It is pertinent to mention that the development of basic computer skills in contemporary times is a must, as digitalization has reached almost every sphere of human existence, business and education being no exception. Ours is a culture where parents guide rather compel their children to take any class primarily based on what the neighborhood child chooses without deliberating on the interests of the child. Excluding our children from natural learning and joyful play means we are grooming emotionally weak personalities.
If everyone gets sucked into this coding fiasco, then we’ll have B.Tech as (with all due respect) unemployed, unproductive human resources. Having studied coding myself, I don’t think it’s surprising that people don’t have a passion for it. Don’t be part of this rat race, your child won’t be irrelevant/trivial if they don’t want to learn coding online or a course that not only is expensive but poses health risks if considered as a whole. As informed and conscious parents, we must avoid code mania because there is a world beyond calculations and programming.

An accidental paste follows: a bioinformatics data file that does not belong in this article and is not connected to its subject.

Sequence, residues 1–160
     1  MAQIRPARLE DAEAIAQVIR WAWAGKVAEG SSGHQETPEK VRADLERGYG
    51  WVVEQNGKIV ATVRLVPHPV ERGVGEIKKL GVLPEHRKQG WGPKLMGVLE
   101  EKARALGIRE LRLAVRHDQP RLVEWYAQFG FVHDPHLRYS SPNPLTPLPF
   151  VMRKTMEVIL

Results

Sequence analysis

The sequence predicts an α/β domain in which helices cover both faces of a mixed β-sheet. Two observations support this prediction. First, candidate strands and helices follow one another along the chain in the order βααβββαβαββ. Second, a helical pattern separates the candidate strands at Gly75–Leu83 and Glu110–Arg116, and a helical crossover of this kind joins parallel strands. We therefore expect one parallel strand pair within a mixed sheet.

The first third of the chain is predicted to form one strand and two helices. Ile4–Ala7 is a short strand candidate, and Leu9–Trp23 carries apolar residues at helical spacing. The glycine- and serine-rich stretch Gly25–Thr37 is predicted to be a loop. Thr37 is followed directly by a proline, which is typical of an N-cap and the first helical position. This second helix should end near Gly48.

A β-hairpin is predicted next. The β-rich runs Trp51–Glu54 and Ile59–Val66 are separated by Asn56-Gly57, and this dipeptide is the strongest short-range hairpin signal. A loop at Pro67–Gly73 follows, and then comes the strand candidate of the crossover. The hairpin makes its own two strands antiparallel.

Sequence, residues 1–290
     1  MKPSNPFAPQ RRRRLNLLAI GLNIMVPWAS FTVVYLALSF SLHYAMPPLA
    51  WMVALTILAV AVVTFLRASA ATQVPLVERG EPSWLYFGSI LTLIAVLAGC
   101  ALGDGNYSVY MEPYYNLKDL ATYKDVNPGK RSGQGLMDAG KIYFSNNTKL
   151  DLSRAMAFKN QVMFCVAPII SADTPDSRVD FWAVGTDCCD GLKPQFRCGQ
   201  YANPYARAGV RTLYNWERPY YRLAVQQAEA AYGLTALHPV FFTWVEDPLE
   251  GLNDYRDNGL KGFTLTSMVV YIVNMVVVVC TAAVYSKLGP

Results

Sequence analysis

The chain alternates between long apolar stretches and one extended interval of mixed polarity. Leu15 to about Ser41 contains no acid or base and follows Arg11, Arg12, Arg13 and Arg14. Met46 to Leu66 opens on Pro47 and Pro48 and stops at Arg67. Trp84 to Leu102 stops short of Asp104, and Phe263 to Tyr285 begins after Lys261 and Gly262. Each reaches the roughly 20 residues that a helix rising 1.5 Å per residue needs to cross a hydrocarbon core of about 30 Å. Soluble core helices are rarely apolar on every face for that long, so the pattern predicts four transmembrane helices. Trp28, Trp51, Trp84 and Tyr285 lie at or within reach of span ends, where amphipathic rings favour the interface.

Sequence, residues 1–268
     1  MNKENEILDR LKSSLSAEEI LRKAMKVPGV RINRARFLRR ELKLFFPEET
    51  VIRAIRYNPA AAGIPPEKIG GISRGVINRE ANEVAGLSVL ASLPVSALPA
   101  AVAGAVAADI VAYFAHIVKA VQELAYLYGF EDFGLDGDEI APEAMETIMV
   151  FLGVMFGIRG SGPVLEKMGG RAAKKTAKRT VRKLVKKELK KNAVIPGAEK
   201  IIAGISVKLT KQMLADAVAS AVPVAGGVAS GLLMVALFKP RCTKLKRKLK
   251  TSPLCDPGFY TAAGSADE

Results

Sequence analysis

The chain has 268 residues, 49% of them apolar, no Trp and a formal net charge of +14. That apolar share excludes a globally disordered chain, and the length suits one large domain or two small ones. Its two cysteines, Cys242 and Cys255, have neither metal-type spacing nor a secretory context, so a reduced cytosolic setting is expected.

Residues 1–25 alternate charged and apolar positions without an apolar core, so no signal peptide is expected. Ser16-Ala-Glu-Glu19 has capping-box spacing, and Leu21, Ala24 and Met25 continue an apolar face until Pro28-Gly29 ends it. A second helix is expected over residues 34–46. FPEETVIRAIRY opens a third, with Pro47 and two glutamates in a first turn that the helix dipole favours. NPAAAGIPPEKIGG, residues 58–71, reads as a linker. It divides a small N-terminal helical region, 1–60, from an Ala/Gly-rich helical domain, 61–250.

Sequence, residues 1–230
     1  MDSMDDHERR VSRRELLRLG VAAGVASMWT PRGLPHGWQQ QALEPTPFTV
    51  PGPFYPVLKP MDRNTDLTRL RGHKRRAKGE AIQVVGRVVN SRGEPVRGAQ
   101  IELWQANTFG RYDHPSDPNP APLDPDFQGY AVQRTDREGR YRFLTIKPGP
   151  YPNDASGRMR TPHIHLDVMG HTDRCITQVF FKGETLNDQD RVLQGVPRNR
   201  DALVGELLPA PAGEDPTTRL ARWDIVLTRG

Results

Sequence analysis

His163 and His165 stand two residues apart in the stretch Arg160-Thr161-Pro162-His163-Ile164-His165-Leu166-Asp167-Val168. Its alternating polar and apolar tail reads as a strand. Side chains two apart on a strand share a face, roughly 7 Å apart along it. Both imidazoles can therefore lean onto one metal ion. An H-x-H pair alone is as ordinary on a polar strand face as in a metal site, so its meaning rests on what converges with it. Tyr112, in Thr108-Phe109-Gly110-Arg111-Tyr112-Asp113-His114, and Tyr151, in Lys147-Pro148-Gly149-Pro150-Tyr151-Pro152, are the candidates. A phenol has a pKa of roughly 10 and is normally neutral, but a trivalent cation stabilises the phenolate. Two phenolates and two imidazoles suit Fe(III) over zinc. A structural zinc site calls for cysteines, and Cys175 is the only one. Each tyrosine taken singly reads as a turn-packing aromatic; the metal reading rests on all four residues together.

PS: We must realize that the capitalist ethos has engulfed all areas of life, education being no exception. All of these educational technology companies have capitalist interests in presenting FOMO advertisements of various market-oriented courses, thereby spoiling and intimidating our natural decision-making practices. Research has shown that developing emotionally intelligent human resources are better equipped to deal with difficult life situations than those with only academic excellence. The goal of education is not to produce trained/skilled human robots devoid of empathetic essence, but human beings with emotional viability and humanistic values that are productive in both social and economic contexts.